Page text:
Dave Sheldon makes a living searching for lost rings.
The 38-year-old Kihei resident has returned more than 600 personal items to people who have lost their belongings - mostly men's wedding bands - found mainly underwater offshore of Maui.
Sheldon is the owner of Dave's Metal Detecting, an underwater and land-based metal detecting business, which goes beyond locating wedding rings.
Kihei resident Dave Sheldon poses with rings he found in the waters off Maui. He makes a living finding lost valuables in Maui’s nearshore waters.
The Maui News / MATTHEW THAYER photo
He has been called out to look for dentures, teeth and prescription glasses that had fallen into the ocean. He also found a four-karat diamond ring that had been a 40th anniversary gift worth $60,000 to $80,000.
But his latest find came accidentally.
Last month, Sheldon was cruising around with his underwater metal detector gear at Kapalua Bay when he came across a 1958 Baldwin High School class ring.
"That is completely amazing," Sheldon said after learning how long ago the ring went missing. "It was 52, 53 years ago."
On land, it would be easy to find something in a spot where it had been lost 100 years ago, he said. But in the ocean, it's far more difficult because of currents and many other variables that change the bottom of nearshore waters all the time.
The ring was found in about 3 feet of water and around 15 to 20 feet from shore. It had the initials A.Y. inscribed on it along with the graduation date.
Sheldon called Baldwin High School officials for help and eventually got the name of the graduate from staffers who looked through old yearbooks.
The ring belonged to 72-year-old Annette Yoda of Wailuku.
"It took me almost a few seconds before I realized that I had lost my ring," Yoda said of her conversation with Sheldon.
"I was so astounded and shocked. It was unbelievable after all these years. Actually, the ring is in real good condition," she said in a telephone interview last week.
The retired schoolteacher had the ring for less than a year when she lost it. She cannot remember when or how she lost it, but she suspects it could have been at Fleming Beach, where she used to picnic with family members or her church group.
After losing her ring, Yoda said that she wasn't melancholy and accepted its loss.
She said she could not ask her parents to buy another one because they had a "hard time" financially, and her parents had already had to save money for her to get the ring in the first place.
Yoda is the sixth of seven children.
Although Yoda doesn't wear jewelry anymore, she said the ring "still fits" and has it hanging at her favorite sitting spot at her home.
Sheldon did not want a search fee or "reward" from Yoda, but he wanted her to tell her story.
He normally charges between $60 to $80 to conduct a search for a missing item.
If and when he finds an item, the person could give him a "reward," which he said he doesn't put a price on but tells his customers it's whatever they think it's worth.
The highest reward Sheldon has received was $1,500 for finding a woman's $35,000, 2-karat diamond ring that was given as a 20th anniversary gift.
The 1992 Baldwin High School graduate also owns a valet company.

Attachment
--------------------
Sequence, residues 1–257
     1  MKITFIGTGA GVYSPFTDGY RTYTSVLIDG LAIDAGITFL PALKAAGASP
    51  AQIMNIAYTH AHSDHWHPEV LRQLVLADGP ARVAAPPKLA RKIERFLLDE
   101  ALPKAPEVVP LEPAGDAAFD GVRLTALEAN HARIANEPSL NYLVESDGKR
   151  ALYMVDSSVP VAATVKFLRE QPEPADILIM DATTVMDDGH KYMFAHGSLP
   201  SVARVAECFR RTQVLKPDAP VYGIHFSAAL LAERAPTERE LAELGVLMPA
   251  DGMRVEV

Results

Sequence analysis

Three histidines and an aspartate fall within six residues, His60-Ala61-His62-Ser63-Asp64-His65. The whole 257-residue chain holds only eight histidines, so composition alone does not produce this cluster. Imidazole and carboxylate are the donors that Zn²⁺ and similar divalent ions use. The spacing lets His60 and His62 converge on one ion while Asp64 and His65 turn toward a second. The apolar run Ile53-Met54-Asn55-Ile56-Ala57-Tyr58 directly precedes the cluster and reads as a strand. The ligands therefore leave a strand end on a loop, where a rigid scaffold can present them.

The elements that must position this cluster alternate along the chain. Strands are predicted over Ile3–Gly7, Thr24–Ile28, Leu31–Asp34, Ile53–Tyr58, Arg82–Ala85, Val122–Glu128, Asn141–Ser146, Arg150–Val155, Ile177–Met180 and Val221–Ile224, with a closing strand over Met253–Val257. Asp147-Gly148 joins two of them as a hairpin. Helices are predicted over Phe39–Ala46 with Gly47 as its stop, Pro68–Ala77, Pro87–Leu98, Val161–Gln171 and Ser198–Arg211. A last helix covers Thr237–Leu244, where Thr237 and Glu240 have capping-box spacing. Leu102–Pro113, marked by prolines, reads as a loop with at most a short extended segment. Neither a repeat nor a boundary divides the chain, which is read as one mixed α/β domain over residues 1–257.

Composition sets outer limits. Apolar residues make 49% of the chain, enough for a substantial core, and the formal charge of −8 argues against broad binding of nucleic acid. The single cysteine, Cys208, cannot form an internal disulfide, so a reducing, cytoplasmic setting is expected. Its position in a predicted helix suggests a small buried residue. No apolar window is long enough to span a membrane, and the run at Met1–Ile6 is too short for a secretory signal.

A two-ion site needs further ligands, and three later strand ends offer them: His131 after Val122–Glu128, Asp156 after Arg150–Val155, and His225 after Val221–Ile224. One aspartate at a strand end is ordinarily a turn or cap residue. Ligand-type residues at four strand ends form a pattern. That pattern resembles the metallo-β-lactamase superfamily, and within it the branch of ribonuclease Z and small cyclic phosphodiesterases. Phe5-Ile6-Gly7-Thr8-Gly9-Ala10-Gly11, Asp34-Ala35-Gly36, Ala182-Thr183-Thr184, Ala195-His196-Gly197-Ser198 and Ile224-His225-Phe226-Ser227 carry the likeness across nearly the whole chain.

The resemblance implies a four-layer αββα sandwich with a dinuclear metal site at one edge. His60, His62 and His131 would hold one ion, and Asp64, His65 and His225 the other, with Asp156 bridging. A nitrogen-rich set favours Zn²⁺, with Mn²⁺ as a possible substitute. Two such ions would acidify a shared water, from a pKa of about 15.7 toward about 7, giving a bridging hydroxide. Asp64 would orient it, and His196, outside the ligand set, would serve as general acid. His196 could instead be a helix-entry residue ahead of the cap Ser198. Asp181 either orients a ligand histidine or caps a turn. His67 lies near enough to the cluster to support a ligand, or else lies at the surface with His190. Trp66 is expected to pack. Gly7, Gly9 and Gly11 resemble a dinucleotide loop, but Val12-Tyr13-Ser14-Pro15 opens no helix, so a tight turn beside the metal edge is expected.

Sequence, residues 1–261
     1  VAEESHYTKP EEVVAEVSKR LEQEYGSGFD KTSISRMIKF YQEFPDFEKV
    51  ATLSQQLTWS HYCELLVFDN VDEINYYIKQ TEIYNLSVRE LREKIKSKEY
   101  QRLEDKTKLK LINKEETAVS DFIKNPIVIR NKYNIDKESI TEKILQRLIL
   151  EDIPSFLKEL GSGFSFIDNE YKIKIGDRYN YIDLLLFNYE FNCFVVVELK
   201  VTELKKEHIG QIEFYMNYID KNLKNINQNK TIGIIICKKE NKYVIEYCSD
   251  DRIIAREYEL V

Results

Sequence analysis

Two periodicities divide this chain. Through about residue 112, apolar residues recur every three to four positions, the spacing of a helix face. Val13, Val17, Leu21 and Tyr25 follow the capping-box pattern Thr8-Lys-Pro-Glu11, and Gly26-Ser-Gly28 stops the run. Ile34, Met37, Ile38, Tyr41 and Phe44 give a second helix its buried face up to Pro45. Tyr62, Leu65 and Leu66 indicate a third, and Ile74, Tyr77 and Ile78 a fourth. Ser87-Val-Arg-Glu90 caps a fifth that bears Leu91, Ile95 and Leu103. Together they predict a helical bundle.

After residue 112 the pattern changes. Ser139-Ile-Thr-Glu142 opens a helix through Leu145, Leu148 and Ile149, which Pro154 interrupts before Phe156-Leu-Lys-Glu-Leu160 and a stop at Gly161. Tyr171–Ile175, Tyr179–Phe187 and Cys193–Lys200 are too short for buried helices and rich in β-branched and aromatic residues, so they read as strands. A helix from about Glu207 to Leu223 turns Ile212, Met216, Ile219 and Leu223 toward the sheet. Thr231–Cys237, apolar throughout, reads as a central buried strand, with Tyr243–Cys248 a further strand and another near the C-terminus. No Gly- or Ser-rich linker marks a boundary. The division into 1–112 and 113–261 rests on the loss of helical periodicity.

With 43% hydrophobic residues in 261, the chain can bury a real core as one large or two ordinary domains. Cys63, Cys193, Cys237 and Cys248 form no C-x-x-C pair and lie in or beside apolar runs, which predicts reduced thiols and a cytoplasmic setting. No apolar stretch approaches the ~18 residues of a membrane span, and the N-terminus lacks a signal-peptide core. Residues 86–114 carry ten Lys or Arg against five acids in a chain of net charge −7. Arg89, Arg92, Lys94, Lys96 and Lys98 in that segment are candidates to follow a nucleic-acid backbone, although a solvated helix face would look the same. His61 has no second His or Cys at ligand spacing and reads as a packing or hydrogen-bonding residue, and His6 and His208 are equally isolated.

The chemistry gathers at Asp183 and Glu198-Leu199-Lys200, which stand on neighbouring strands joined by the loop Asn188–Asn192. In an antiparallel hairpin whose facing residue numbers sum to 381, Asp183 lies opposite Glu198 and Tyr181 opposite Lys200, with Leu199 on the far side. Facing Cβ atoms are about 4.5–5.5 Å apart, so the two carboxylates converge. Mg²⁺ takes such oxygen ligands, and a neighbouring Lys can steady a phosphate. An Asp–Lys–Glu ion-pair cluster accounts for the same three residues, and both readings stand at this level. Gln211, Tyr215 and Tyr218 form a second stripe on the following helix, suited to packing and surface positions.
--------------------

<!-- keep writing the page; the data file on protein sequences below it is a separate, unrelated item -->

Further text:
Sheldon said that his interest in searching for lost items in the ocean was sparked after he was called to the beach by a lifeguard friend to look for missing jewelry.
That was back in the early 2000s. After being called by his friend several times for about a year, Sheldon said he could see that he could make a living hunting for items missing in the ocean.
He went online to look for metal detecting equipment. All he had previously was snorkel gear.
Sheldon still uses his snorkel gear and relies on his underwater metal detector, which looks like a weed whacker. He has headphones that buzz loudly whenever he goes over metal underwater. While he also searches on dry land, he specializes in finding valuables lost underwater.
Sometimes people cry when he finds their items, Sheldon said. Sometimes they hug him. Sometimes he gets a standing ovation from beachgoers who know what he's doing.
Sheldon said he believes his overall success rate is 65 to 70 percent, but when people pinpoint exactly where they believe they lost their item, his percentage jumps to 90 percent and higher.
Sheldon keeps any accidentally found jewelry that is unique, has stones in it or has an inscription. Others are sold to a metals refinery on the Mainland.
Another memorable find came several years ago when he came across a ring that he had starting searching for three years earlier. On March 28, 2004, a couple had just gotten engaged a day earlier, and the woman was admiring her ring along the shore at Kamaole Beach Park III. That's when the tide came in and a wave rushed toward her. In a panic, she tossed the ring.
Sheldon got called that evening, but he was working at his valet job and couldn't come right away. Later that night, he searched but couldn't find the ring.
Nearly three years later, on Jan. 30, 2007, Sheldon noticed that the beach at Kamaole had eroded, and he remembered the ring. He went searching and found it.
It was a few weeks before Valentine's Day, and Sheldon was able to return the 0.85-karat diamond platinum engagement ring to the husband in Ohio to give to his wife on the holiday.
* Melissa Tanji can be reached at firstname.lastname@example.org.